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How HR Can Speak the Language of Finance

Published: Nov 05, 2016
How HR Can Speak the Language of Finance

In Zuma Blog

For an HR department to be truly effective, it must have an established and collaborative relationship with the company's finance department. This kind of partnership can do wonders for a business's bottom line, as these teams function best in tandem. Each side is able to bring a perspective and priority the other must consider. As a result, both departments' business decisions are powered by a strong knowledge base. 

One of the major roadblocks many companies face, however, is that it can sometimes be difficult to get these departments on the same page. Though both have plenty of interests in common, there is often a knowledge gap that's difficult to surmount. Here are a few tips that will help HR departments speak the language of finance:

Ask Questions

The most beneficial thing one department can do to get to know the needs of another is to ask questions. Many people are shy to ask too many questions, as they are concerned it will make them look ignorant or under prepared. However, being curious and acting on that feeling is one of the main factors driving successful professionals. You can't know everything - you can, however, get supplementary information from other knowledgeable individuals. 

Make sure your HR department is comfortable asking questions about the company's goals, momentum and current situation. These kinds of inquiries will help your HR workers get a feel for the finance department's perspective, and make collaboration far easier and more effective. 

Focus on Cost

One way HR departments can get on their finance department's level is to focus on their costs. According to the Society for Human Resource Management, keeping an eye on HR costs allows you to focus on the most productive plans of action and craft strong predictions for what will happen in the future. Moreover, thinking in terms of money lost or gained on a venture automatically puts your HR department closer to your finance team. This focus is a straightforward intersection of interests, so collaboration is likely to blossom naturally when both sides consider HR in terms of cost. 

Present Benefits

One area many HR departments fail to follow through on is benefits. This is the other side of the cost coin - if the company is putting money into something, there needs to be a clear return on investment. This is where a strong HR company can really shine. When you track HR costs and have a data-driven analysis of how those costs benefit the company, it's far easier to see what works and what doesn't. When it comes time to evaluate the money put toward HR efforts, those backed with proven success are far more likely to appeal to CEOs and CFOs.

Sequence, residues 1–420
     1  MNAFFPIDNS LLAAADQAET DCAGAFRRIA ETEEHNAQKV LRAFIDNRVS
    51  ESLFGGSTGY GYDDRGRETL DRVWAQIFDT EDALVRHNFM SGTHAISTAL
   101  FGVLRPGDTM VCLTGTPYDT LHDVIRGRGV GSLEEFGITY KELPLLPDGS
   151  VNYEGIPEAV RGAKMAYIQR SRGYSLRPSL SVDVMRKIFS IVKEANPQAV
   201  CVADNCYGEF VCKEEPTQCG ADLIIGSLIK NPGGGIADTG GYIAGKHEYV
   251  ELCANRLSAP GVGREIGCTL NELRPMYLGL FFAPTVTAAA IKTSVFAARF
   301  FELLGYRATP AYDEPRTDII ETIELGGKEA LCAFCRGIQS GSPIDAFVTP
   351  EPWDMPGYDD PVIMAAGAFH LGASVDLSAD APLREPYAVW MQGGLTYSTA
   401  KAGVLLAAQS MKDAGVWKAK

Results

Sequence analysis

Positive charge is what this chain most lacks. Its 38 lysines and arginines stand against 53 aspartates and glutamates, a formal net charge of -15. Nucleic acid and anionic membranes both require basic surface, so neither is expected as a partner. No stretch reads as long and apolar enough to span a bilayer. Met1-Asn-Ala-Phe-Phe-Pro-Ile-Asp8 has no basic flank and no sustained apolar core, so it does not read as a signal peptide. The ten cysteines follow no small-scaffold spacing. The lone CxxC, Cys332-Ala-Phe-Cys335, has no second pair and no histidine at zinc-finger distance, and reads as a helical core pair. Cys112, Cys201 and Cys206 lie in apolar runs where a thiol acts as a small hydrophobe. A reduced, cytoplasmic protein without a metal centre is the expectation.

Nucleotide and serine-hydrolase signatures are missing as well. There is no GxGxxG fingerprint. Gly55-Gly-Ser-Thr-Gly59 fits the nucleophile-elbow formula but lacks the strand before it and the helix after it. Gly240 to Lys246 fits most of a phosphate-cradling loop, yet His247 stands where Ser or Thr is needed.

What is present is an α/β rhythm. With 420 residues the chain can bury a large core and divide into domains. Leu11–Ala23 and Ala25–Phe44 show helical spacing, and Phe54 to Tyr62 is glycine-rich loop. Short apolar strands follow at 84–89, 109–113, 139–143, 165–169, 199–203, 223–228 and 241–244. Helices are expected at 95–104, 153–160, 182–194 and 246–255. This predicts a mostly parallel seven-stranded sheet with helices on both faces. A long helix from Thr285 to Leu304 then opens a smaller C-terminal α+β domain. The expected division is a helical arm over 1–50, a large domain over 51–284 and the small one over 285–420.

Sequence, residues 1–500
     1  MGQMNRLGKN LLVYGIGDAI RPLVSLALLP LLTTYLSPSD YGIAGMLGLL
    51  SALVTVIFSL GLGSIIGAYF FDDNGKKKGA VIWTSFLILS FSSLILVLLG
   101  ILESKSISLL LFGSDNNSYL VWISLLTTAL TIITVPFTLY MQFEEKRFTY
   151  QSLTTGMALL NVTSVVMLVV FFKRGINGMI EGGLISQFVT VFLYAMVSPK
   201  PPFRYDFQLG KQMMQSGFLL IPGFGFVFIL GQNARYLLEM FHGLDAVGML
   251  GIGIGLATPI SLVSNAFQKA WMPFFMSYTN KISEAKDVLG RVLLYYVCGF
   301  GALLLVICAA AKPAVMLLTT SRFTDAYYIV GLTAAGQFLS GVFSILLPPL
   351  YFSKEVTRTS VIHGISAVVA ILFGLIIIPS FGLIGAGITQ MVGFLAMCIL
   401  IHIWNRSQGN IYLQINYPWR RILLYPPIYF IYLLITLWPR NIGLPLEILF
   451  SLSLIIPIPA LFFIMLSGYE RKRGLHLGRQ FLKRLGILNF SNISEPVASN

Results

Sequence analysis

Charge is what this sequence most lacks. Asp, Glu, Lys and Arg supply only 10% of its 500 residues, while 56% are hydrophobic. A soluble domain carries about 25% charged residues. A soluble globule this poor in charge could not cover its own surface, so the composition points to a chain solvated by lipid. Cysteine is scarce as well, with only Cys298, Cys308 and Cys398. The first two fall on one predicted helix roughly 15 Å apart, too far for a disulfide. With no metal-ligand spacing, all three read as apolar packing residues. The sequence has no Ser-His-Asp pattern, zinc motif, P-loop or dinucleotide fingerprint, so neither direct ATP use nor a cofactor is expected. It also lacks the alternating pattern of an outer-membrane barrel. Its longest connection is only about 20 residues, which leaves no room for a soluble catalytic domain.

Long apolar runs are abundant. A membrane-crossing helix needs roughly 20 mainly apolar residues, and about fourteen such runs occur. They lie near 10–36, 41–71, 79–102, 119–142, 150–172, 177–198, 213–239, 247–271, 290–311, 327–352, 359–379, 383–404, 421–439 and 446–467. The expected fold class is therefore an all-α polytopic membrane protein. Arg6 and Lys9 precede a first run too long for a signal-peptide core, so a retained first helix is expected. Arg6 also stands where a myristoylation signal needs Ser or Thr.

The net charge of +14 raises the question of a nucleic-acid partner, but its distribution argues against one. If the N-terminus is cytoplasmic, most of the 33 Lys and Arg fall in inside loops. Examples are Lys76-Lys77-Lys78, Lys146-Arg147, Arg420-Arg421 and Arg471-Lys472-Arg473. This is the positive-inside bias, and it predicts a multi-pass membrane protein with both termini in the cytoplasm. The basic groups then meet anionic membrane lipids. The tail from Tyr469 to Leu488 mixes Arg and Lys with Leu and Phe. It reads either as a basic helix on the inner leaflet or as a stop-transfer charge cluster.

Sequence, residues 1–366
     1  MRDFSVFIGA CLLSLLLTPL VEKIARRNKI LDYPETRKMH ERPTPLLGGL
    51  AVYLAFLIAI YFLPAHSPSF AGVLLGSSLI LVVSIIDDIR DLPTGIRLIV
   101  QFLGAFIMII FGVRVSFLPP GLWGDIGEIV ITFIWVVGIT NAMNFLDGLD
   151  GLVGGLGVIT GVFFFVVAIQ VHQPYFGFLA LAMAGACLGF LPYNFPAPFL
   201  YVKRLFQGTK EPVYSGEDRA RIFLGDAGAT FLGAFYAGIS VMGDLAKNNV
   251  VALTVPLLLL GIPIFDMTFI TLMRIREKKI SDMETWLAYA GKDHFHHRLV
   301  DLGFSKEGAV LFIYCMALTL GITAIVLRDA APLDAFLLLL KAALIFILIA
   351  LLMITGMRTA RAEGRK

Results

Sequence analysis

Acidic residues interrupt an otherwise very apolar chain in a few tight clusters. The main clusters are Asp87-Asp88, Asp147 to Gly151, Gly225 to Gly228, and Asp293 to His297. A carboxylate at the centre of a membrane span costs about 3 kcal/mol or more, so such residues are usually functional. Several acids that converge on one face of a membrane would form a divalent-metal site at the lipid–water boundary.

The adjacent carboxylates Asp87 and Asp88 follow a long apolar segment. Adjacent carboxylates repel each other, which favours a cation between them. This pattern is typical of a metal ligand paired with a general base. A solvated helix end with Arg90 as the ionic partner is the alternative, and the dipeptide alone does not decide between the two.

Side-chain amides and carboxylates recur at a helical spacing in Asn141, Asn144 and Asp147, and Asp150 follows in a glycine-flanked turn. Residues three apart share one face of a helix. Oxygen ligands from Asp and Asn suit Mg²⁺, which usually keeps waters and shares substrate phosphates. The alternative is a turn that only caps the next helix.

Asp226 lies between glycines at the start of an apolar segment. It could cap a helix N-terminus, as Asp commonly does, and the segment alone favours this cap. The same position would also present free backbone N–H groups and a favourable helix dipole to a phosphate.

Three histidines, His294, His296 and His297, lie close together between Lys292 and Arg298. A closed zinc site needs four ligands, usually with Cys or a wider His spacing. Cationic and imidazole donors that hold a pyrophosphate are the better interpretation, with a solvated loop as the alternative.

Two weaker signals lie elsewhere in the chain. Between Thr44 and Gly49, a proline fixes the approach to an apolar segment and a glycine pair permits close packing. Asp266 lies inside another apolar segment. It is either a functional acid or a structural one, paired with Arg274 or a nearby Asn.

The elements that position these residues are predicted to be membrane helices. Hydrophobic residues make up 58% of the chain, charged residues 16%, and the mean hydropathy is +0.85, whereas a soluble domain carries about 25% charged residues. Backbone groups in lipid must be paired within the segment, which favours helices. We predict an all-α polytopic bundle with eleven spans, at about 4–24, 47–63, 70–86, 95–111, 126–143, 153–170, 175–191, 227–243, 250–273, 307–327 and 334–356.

By objectively highlighting benefits, both HR and finance are more likely to succeed, and the rest of the company is sure to follow. 

Actively Pursue a Partnership

Finally, the most important way for HR to begin speaking the language of finance is to actively put in the effort to do so. Too many companies function with unspoken divides between departments. However, cross-departmental collaboration strengthens the company and improves productivity overall. The first step toward any such collaboration is to actively seek it out. As HR departments stand to take on more interesting work and make a bigger impact on the business when they team up with finance, it makes sense that they should drive movement toward such a partnership. Consider scheduling regular meetings between representatives from both sides so there is an established relationship and a clear way to communicate between departments. Over time, HR and finance will be on the same page and drive the company forward.


Imagine for a moment that you could clearly show that investing an additional #1 million in training would reduce voluntary turnover by 10 percent, save #1.5 million and increase productivity by 5 percent. This means the organization could increase revenue, production or customers served by 5 percent, with only minimal increases in workforce cost. For a company with #1 billion in annual revenue, this would be worth up to #50 million in ROI to the organization as increased revenue, improved profit margins and reduced costs. Those numbers are a language that even the most skeptical finance professional could understand.